I also let some other stuff slip on the business side.  Sales for Akeldama have been going well, but I haven't had the time to do much on the business side of the house, including more marketing.  In short, I'm caught in that loop where I need to devote more time to become successful, but I don't have the time because I'm not yet successful.  I have a day job that I need if I want to do silly things like eat and sleep under a constructed roof, so I've been unable to devote 100% of my time to being a professional writer.  I have also been spending what free time I have with my family, and no offense, but if it's a choice between this and my family, my family will win.  Every.  Single.  Time.

Some of that will change shortly.  I have an author's page on Amazon that needs to come online, and I have another book to get ready for publication.  I may even have an announcement ready for Salvation Day in the coming weeks.  On top of that, I will try my best to get back on my Twitter page and Goodreads account.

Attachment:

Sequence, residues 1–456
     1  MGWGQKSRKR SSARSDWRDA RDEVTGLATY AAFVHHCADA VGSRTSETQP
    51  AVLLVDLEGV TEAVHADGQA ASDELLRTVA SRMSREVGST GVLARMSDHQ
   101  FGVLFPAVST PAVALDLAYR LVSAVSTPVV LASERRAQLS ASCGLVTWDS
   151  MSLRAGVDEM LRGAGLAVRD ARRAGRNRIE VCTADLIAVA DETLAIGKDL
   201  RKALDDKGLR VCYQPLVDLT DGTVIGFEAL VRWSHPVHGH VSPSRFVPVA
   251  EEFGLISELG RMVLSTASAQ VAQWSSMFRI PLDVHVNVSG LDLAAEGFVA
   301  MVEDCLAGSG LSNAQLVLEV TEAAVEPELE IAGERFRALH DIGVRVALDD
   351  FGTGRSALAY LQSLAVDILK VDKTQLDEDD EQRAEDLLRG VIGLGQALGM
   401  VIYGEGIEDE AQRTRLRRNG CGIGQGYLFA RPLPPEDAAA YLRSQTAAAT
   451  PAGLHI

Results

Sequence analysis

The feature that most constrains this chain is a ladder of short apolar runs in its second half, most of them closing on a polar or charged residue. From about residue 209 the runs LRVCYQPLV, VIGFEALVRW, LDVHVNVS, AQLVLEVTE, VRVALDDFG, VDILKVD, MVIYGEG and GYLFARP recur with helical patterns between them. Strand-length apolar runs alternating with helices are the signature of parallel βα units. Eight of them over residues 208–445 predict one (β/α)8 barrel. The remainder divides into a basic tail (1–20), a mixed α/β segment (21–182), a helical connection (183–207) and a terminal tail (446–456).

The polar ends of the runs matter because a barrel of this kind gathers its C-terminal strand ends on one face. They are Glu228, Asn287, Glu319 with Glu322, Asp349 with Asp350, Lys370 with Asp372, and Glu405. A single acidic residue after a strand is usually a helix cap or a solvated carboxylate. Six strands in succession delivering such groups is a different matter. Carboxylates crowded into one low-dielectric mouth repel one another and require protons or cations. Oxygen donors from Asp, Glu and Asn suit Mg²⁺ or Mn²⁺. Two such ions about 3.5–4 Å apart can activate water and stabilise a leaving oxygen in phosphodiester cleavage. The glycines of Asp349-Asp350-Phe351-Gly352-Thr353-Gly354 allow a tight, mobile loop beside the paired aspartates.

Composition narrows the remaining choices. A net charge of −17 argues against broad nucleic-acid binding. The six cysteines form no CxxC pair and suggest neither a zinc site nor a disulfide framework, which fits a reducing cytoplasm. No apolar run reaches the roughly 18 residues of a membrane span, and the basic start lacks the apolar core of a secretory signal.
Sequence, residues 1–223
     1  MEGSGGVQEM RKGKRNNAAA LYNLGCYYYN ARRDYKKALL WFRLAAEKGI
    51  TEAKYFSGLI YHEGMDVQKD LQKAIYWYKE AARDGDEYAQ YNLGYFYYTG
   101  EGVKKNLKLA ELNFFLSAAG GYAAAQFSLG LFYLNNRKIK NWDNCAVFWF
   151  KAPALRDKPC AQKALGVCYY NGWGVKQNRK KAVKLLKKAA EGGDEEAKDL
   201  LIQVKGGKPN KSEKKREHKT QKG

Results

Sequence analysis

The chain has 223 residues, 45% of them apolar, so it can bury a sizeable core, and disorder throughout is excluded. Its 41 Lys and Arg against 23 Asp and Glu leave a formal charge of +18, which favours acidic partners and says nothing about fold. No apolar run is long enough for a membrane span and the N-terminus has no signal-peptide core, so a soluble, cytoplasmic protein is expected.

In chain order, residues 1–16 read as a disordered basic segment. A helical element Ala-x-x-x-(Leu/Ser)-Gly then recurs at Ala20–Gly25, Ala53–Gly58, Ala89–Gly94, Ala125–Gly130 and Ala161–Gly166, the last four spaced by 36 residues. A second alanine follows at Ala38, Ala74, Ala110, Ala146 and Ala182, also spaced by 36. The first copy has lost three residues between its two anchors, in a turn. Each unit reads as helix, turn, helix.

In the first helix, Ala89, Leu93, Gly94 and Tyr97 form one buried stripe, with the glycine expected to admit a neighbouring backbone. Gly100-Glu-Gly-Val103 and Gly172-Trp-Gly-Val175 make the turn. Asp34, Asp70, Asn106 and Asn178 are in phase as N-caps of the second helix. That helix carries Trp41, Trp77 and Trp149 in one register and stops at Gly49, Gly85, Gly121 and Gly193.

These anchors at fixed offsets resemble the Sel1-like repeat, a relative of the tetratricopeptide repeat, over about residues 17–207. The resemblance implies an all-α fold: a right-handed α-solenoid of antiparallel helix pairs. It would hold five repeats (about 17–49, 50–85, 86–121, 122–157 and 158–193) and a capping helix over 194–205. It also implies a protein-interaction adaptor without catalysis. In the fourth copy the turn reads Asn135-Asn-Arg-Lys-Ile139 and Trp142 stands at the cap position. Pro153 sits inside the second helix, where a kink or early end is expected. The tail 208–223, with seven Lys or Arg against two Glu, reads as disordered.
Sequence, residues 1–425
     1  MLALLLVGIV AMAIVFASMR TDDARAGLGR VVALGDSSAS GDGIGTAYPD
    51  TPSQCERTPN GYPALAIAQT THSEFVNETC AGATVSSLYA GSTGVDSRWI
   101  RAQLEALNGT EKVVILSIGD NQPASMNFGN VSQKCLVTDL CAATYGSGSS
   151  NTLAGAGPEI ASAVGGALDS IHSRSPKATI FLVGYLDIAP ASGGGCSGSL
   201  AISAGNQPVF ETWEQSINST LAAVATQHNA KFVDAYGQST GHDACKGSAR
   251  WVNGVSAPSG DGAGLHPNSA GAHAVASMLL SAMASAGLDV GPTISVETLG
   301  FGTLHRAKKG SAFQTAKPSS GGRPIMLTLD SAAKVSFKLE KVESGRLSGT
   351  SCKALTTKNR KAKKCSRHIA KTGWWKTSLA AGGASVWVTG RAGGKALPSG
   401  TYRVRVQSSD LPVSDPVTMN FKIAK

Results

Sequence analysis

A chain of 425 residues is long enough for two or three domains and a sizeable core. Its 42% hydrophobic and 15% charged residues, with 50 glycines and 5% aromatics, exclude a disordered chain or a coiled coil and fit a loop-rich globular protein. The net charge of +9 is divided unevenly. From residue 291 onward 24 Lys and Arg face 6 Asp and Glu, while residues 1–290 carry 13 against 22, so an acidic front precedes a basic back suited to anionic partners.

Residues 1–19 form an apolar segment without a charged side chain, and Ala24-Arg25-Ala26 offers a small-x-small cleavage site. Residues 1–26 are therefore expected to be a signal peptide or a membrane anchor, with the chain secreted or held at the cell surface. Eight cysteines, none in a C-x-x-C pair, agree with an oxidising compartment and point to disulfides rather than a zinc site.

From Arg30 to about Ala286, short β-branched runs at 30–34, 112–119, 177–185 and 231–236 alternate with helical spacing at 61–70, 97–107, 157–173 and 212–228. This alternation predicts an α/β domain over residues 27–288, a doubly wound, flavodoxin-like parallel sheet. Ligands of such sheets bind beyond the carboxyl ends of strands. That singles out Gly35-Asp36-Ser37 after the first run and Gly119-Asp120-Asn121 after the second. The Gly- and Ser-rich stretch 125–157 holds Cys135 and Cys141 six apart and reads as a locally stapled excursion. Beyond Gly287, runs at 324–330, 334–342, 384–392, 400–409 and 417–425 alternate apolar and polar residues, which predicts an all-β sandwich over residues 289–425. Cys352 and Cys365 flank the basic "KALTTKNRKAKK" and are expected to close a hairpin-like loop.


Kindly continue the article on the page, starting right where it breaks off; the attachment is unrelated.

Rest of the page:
So, does all of this come down to whining?  Perhaps.  However, I've used the time to come up with a boatload of topics(for the record, a boatload is 2.5 times greater than a shitload), so I shouldn't have to scramble for a while.  I should also be able to stay more in track with blogging on a regular basis.

Finally, I owe a huge bow of thanks to both Nicole Pyles and Sarah Hoyt for featuring my debut novel on their sites.

Sunday, June 25, 2017

Signing Event


So today was my first book signing event.  First, I want to thank Park Road Books for their support in this event.  They gave me a venue and helped me immensely.  I'm grateful.

Second, the event was a little different than I envisioned.  I thought I'd start right at 2pm, give an overview of the event, read a passage or two, and then sign some of my work.  Maybe that will work someday when I have a bigger following, but it wasn't in the cards today.